Sudden onset of painful genital ulcers: What could it be?
A 23-year-old woman presents with painful vulval ulcers and severe dysuria (Figure). She has not been sexually active for the past three months and is otherwise well. She has no history of gastrointestinal disease.

On examination, several superficial ulcers are visible that have a red areola and a sloughy yellow-green base measuring 3 to 5 mm. The lesions are located mainly on the labia minora, which are oedematous. She does not have any oral ulceration.

The patient reports similar episodes over the past few years that have resolved spontaneously. On this occasion, however, the ulcers are so painful that she is not able to urinate and she requires admission to hospital for catheterisation.

She was diagnosed with Nonsexually acquired genital ulceration (NSAGU) based on clinical findings. In the situation where the patient was unable to walk or urinate, a short course of oral prednisone (25 mg/day) resulted in rapid relief of pain and with prednisone being rapidly withdrawn as soon as ulcers are healed.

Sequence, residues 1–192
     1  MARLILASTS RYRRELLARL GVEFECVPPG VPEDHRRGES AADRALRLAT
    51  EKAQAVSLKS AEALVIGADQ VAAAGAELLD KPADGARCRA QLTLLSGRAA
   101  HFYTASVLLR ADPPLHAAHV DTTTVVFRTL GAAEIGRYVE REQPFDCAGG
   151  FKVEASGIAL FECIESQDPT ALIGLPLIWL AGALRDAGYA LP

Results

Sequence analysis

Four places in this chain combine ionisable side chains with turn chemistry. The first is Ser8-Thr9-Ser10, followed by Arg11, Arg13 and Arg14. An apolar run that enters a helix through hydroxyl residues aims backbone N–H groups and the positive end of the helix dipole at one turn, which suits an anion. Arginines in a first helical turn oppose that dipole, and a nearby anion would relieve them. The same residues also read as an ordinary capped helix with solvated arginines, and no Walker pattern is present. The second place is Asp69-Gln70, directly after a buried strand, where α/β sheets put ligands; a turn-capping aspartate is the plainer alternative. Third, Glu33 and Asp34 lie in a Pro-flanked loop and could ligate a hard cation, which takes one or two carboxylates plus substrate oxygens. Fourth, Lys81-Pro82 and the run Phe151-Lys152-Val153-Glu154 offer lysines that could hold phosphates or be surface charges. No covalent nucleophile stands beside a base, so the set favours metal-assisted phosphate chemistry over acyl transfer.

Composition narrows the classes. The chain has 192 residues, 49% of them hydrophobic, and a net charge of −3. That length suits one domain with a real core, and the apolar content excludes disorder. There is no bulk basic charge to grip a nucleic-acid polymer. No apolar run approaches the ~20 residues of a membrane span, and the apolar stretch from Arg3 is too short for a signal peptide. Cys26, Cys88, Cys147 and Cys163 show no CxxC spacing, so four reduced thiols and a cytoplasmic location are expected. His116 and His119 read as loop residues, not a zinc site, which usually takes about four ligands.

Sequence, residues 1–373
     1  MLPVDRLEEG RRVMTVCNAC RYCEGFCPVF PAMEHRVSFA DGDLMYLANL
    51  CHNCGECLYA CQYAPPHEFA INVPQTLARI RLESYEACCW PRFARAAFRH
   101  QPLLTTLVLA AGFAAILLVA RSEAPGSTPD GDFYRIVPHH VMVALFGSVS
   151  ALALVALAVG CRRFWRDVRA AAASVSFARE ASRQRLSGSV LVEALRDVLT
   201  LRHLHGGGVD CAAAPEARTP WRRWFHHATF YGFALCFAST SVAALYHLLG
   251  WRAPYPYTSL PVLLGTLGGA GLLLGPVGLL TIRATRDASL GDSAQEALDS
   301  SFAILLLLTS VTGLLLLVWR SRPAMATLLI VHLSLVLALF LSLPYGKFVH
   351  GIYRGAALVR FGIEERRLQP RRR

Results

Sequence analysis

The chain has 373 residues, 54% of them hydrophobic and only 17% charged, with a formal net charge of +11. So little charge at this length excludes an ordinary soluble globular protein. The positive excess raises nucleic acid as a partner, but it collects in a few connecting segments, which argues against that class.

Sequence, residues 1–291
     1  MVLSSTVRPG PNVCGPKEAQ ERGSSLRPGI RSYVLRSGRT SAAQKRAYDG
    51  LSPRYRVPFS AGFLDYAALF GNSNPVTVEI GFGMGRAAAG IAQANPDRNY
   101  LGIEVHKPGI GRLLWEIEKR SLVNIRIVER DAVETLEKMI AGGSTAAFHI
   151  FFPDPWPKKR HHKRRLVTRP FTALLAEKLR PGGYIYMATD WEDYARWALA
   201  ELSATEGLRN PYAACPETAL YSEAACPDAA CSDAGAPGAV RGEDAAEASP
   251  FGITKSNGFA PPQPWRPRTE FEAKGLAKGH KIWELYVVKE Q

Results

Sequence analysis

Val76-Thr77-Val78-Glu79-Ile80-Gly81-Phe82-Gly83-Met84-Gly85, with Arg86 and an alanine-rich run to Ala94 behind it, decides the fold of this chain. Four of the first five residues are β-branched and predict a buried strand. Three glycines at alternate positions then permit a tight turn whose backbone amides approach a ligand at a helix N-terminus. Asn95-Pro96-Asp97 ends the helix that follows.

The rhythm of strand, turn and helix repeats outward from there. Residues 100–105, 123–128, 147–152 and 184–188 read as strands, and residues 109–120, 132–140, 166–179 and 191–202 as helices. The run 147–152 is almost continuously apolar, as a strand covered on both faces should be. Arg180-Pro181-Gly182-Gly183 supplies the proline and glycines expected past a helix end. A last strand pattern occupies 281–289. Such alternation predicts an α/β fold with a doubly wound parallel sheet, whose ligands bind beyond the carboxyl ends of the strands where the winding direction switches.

Case learnings:-
-NSAGU can range in severity and there are no formal treatment guidelines. For mild cases of genital ulceration, the mainstays of treatment are avoidance of irritating factors (tight clothing, perfumed soaps, pads and liners) and use of analgesia and topical treatment.

- Skin biopsy can be traumatic for a patient who is already in severe pain, particularly an adolescent, and the results are nonspecific. Investigation for primary herpes simplex virus and secondary bacterial infection is essential and should include skin swabs for polymerase chain reaction (PCR) testing and culture.

-The anti-inflammatory properties of corticosteroids can be useful. Potent topical corticosteroids are generally safe to use, and when applied in an ointment base for two weeks or less to settle a minor flare they do not cause side effects.

- For severe cases, hospitalisation for pain management including catheterisation may be required. Prophylactic doxycycline (50 to 100 mg/day) may be effective to control flare-ups and prevent recurrence.

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